Seattle's Child

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A scarecrow is a new fixture at the Lemonade School. (Photo by Kelye Kneeland)

Update from the Lemonade School: finding joy in the little things

Remote school isn't easy. Meet one of our many hardworking teachers.

Editor’s note: We met Bellevue first-grade teacher Kelye Kneeland at the end of the summer as she was setting up what would become the Lemonade School, a backyard project she had worked on for months with her father and other family members. We checked back for a two-month update from the Lemonade School. Here’s how it’s going (and here’s the original story if you missed it):


Today is the 28th day of October, and it was the 38th day of school.

First-graders keep track of these things. They matter. We are moving forward. More slowly on some days than on others. We strive to keep our spirits up and find joy in each day.

I am not always sure what parts of the day the kids enjoy most. But I always know which parts speak loudest to my heart. I especially love reading to the kids. When I share my screen under the document camera it becomes very quiet. The kids listen attentively. They love stories. I try to add drama to the stories and change my voice to reflect the voices of the characters in the story. I keep hauling books home from school to share with my students. The stories transport us to places, ideas and experiences that are new to us.

I also love the sound of their voices when we sing. Some people might think the sounds that come through my computer have more in common with noise than music. There is a delay in the audio that means we rarely sing together. The sound of their asynchronous voices is something that was hard to hear initially. It was loud and choppy. I could hear their enthusiasm but rarely were any of us singing the same words at the same time. At times I sit back in my chair, shake my head and giggle. Their exuberance is the thing I need to hear. They love to sing. They may know that they are singing out of sync, but it doesn’t seem that it matters to them. There is joy in the process. Because they are at home, they can sing. I am thankful for this. Their joy matters.

They have started their writing unit focused on expository writing.

An old friend visited the Lemonade School last week and taught the kids about her chickens, Pretty Girl and Elsa. Elsa was “frozen” or put in the refrigerator before the miracle of her birth. It sounded like a miracle took place. The kids loved learning about the chickens. A colleague came with her iPad and shared the moment with her class. I followed the presentation by moving closer to the chickens with my laptop as my kids oooed and ahhd.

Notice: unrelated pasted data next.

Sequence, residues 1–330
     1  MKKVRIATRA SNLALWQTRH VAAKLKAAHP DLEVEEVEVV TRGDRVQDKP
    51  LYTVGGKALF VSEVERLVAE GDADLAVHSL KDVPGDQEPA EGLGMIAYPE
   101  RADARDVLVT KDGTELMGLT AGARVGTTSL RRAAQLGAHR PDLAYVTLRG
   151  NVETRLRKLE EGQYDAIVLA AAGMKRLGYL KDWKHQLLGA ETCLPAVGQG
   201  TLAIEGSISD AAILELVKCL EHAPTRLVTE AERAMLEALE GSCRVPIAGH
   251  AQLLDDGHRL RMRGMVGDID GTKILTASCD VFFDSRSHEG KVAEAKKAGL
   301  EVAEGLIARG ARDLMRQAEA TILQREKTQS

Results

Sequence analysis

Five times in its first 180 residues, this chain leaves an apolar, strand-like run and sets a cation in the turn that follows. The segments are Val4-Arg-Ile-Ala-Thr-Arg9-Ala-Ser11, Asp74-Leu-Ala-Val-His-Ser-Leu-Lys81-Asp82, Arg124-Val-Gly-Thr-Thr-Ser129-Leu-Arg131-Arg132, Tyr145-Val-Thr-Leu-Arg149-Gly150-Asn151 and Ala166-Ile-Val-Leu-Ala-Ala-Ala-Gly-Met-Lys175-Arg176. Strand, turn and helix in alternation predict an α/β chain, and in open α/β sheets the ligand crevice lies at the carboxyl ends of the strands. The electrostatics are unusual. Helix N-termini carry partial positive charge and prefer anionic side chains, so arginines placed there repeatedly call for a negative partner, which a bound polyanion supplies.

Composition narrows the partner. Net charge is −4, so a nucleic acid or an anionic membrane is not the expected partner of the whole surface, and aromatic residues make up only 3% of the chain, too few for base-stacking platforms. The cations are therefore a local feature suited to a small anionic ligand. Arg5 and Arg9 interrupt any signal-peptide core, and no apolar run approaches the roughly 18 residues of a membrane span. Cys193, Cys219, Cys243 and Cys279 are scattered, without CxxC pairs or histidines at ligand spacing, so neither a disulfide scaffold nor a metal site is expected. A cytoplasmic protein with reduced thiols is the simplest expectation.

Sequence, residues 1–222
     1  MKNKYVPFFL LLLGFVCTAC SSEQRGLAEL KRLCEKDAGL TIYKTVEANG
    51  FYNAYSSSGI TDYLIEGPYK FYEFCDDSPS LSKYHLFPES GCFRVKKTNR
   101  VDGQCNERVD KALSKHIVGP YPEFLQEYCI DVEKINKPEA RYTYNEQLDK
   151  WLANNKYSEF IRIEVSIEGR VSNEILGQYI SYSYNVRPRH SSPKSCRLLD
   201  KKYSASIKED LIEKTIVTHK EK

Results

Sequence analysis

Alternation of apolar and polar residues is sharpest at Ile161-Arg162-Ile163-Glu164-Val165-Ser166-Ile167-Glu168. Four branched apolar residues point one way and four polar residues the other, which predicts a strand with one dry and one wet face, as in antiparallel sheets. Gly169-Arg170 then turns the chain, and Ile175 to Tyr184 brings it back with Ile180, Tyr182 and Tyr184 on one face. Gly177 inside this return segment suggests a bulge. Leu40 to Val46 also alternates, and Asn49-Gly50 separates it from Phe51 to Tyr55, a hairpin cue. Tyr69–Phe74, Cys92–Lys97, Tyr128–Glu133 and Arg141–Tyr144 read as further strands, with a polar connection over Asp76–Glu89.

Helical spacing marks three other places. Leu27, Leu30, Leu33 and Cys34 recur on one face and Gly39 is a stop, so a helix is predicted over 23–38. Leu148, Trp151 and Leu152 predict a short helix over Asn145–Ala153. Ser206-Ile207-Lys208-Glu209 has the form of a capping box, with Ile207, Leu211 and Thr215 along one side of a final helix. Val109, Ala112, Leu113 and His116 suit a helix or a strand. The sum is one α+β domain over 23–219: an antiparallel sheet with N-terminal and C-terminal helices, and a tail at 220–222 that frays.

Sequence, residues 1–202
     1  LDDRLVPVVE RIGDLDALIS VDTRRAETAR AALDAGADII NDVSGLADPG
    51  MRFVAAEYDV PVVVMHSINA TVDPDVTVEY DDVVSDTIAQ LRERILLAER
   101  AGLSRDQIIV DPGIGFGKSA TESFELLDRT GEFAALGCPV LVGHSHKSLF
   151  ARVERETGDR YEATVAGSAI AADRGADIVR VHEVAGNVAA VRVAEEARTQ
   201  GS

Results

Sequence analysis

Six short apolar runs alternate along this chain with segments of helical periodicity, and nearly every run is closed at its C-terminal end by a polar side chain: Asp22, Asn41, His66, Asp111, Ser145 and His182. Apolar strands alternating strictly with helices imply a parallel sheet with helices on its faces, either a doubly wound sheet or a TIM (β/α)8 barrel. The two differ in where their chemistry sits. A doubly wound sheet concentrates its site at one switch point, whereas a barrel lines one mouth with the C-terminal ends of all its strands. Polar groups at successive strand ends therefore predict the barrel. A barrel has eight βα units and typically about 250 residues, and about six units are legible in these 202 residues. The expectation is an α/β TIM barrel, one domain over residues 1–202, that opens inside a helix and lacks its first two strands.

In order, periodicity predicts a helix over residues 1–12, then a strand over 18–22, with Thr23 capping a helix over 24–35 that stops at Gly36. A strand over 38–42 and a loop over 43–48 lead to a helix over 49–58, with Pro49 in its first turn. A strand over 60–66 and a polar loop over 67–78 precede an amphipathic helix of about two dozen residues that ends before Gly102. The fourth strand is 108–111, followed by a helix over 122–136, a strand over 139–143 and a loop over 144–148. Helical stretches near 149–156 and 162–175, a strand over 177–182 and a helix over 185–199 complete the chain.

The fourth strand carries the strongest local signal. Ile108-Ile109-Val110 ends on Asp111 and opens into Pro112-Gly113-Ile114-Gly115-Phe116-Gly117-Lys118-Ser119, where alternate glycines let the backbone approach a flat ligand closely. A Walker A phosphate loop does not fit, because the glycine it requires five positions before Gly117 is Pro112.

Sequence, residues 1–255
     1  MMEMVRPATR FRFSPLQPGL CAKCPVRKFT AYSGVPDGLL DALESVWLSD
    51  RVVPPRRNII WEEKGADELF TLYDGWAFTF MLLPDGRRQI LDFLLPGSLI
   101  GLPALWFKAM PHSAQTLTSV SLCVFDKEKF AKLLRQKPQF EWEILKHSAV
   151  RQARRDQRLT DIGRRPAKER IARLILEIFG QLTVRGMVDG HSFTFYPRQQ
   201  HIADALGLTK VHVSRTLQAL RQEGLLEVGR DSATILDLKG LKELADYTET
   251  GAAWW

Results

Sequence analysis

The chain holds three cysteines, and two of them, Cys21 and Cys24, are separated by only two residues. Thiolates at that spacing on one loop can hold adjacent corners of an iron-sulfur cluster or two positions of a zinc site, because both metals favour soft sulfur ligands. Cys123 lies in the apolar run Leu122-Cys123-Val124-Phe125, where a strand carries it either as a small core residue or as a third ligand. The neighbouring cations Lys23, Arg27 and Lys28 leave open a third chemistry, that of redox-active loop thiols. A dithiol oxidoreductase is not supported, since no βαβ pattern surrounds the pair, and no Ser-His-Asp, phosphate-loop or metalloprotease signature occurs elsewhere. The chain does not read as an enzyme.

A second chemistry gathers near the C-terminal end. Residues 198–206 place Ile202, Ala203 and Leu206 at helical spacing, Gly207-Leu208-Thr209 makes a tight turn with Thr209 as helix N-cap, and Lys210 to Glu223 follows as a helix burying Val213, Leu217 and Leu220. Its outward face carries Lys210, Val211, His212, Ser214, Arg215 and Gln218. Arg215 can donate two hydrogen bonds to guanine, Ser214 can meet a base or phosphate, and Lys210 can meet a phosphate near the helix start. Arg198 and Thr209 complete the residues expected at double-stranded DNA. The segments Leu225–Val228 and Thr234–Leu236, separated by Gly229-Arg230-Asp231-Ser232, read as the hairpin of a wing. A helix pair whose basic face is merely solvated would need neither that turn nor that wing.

Later the kids wrote about the things they learned about the chickens. Their observations were darling. One little girl got a “chicken” from her refrigerator, wrapped it in a blanket and told her mother about the miracle of Elsa the chicken. She wanted to hatch her own chicken without giving any thought to where she would put the live bird. Her mother was amused and sent me her daughter’s handwritten action plan that she wrote on her own with no prompting from any adult. It appeared that we failed to mention the importance of roosters in fertilizing the chickens’ eggs.

This past week has been filled with the joy of stories. We made a scarecrow and carved a pumpkin. I only cut myself once. The kids wrote about the materials and steps involved in carving a pumpkin. Later in the day a little boy sent me a photo with himself and the pumpkin that his dad helped him to carve just like the one we carved in class. Another boy shared a scarecrow he made by stuffing his little clothes. They were so happy.

I continue to enjoy doing reading groups with small groups of children in the afternoon. The kids are growing their skills. One little boy loves to take turns reading as long as my puppet Foxy reads every other page with him. My dogs interrupt with barking at the scarecrow that sits in a chair outside my door. We are managing.

Our days are not flawless. There are many challenges. It is cold. But my husband brought me a heater this past week that I can use each morning when I log in to greet my students. I will never take teaching in a heated room for granted again. The kids made thermometers in science and are learning to measure temperature. We track the temperature each day, and are learning about different clouds. They work online in the afternoons.

We work to stay positive. We strive to share examples of kindness in our lives. We make mistakes and we learn to breathe deeply and be patient with ourselves. We make a lot of “beautiful oopses” — myself included. I continue working to learn how to use technology resources when I can, but it is one of my greatest struggles.

This is Year 28 of my career as a teacher. When I was a student I used a typewriter or a pen. It is a brave new world. We have to be brave to be a part of it. And even when we don’t feel brave, we do our best to try.


About the Author

Kelye Kneeland

Kelye Kneeland is a longtime teacher and currently teaches first grade in the Bellevue School District.